Cost of PI insurance has risen in the wake of rising claims over fire safety defects and poses ‘existential risk’ to building designers
RIBA has launched a review of the professional risk and professional indemnity insurance market in response to a crisis it acknowledges is “worsening” in terms of the cost and breadth of cover available to architects.
The cost of PI cover has been increasing in leaps and bounds in the five years since the Grenfell Tower tragedy exposed widespread problems with building safety. Practices have this year been reporting tenfold increases in the annual price for PI insurance – in return for less extensive cover than they previously obtained.
Setting out its plans for a “comprehensive study” of the PI insurance market – starting with a survey of members’ experiences – RIBA said the spiralling cost and declining level of cover provided by PII policies now posed a “serious threat” to the profession. It said smaller practices in particular were placed at serious risk of closure or of being forced into the unregulated sector.
RIBA president Simon Allford (pictured, right) said the full study would examine a range of measures from the standardisation of PII proposal forms and policy wording to enhanced professional risk-management techniques.
However he said the starting point for the study would be members feeding in their PII experiences to the survey, which is open to responses until 25 July.
“While the Arb has proposed some welcome adjustments to support the profession in the short term, we urgently require solutions to manage professional design liability and improve the availability of appropriate insurance cover for architects and consumers,” Allford said.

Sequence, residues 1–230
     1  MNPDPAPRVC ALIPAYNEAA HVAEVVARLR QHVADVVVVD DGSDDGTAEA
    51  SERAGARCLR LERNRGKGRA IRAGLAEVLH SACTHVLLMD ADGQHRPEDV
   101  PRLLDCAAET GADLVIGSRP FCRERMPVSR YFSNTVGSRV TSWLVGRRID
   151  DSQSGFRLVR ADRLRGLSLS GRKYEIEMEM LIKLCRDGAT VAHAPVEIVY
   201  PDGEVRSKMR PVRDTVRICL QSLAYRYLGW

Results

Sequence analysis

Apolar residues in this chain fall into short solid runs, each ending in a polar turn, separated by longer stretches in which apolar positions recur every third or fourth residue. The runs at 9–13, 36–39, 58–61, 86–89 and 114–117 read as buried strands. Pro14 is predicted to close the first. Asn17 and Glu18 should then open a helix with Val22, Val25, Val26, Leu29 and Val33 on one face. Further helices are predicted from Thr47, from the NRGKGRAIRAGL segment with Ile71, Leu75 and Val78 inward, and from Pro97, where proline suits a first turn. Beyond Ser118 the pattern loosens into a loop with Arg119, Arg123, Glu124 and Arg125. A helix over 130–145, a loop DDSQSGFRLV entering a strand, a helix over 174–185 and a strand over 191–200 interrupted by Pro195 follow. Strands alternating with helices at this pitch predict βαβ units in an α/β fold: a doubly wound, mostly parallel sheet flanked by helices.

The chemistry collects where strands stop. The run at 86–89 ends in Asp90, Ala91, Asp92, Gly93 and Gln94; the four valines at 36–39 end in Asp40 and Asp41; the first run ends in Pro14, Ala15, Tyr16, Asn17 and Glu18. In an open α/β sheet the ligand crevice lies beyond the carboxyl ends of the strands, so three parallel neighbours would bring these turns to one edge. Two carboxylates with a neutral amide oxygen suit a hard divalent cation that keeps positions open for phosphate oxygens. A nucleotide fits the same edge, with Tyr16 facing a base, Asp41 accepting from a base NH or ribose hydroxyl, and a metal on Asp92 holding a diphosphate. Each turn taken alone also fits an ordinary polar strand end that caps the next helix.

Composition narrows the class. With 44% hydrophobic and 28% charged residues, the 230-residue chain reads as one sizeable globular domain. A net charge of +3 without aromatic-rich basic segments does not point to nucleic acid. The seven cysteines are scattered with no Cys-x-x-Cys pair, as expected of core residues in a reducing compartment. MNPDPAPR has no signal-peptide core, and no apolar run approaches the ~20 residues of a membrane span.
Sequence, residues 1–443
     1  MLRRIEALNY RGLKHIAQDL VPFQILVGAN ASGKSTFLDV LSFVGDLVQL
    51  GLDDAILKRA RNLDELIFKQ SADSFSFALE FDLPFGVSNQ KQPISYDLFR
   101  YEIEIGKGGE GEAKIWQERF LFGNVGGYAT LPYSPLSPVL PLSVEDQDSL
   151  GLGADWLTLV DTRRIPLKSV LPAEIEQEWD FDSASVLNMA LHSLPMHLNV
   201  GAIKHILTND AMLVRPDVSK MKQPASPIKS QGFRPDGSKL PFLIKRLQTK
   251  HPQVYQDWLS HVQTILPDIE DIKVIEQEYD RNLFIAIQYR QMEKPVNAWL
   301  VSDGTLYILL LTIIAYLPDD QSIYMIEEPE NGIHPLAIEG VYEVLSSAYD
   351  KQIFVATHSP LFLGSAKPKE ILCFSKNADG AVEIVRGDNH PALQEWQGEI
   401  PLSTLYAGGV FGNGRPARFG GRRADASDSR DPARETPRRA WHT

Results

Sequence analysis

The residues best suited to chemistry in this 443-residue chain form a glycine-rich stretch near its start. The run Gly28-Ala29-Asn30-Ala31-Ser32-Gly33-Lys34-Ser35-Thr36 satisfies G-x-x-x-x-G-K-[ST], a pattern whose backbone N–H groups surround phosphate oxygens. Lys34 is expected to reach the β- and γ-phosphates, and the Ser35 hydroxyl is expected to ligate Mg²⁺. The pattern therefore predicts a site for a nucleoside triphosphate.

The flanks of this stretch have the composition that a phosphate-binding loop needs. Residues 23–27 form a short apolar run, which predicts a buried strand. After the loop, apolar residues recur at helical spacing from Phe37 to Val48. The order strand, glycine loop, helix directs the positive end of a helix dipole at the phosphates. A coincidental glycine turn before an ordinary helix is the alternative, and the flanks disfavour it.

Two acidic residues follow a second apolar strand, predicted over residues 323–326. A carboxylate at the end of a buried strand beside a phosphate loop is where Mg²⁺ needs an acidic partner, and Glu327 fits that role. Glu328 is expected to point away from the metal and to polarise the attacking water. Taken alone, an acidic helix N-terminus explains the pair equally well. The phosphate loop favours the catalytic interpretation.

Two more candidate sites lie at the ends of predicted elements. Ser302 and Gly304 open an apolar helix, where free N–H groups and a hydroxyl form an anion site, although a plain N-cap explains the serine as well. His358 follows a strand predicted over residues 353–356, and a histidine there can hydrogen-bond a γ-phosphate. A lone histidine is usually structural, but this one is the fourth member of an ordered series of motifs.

“This study relies on data and evidence from our membership. I therefore urge all practices to take part in this initial survey and share their experiences.”
RIBA said the full study aimed to “promote improved levels of professional and regulatory confidence in a manner that is attractive to the PII market, to enhance the availability and breadth of cover, and realign premiums at an appropriate and affordable level for members and their practices”.
It is being led by a task-and-finish group chaired by RIBA board and council member Jennifer Dixon.
She said that with a total premium level of £75m, the architectural PII market was small relative to the other built-environment professions. However she said the role of architects as lead designer in building projects attracted a “disproportionately high” level of liability within the project design team.
“By drawing on the vast experience of members and engaging widely with other industry bodies, this study aims to improve the visibility, understanding and management of design risk, and establish a robust, unified approach to PII across the industry,” she said.